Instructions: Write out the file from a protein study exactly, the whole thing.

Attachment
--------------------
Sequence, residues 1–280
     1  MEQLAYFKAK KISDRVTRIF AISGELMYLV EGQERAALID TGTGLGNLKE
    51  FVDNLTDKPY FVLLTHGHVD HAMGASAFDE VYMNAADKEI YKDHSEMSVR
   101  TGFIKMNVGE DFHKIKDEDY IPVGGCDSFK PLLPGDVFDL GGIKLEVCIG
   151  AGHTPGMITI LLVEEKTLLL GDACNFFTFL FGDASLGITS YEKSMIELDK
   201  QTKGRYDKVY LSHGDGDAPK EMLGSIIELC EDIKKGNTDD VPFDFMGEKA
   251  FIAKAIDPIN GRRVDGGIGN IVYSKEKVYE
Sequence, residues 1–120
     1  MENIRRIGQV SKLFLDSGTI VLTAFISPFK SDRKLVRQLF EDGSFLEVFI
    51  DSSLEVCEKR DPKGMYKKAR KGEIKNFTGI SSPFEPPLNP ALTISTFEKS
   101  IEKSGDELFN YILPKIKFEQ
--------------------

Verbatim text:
Sequence, residues 1–280
     1  MEQLAYFKAK KISDRVTRIF AISGELMYLV EGQERAALID TGTGLGNLKE
    51  FVDNLTDKPY FVLLTHGHVD HAMGASAFDE VYMNAADKEI YKDHSEMSVR
   101  TGFIKMNVGE DFHKIKDEDY IPVGGCDSFK PLLPGDVFDL GGIKLEVCIG
   151  AGHTPGMITI LLVEEKTLLL GDACNFFTFL FGDASLGITS YEKSMIELDK
   201  QTKGRYDKVY LSHGDGDAPK EMLGSIIELC EDIKKGNTDD VPFDFMGEKA
   251  FIAKAIDPIN GRRVDGGIGN IVYSKEKVYE
Sequence, residues 1–120
     1  MENIRRIGQV SKLFLDSGTI VLTAFISPFK SDRKLVRQLF EDGSFLEVFI
    51  DSSLEVCEKR DPKGMYKKAR KGEIKNFTGI SSPFEPPLNP ALTISTFEKS
   101  IEKSGDELFN YILPKIKFEQ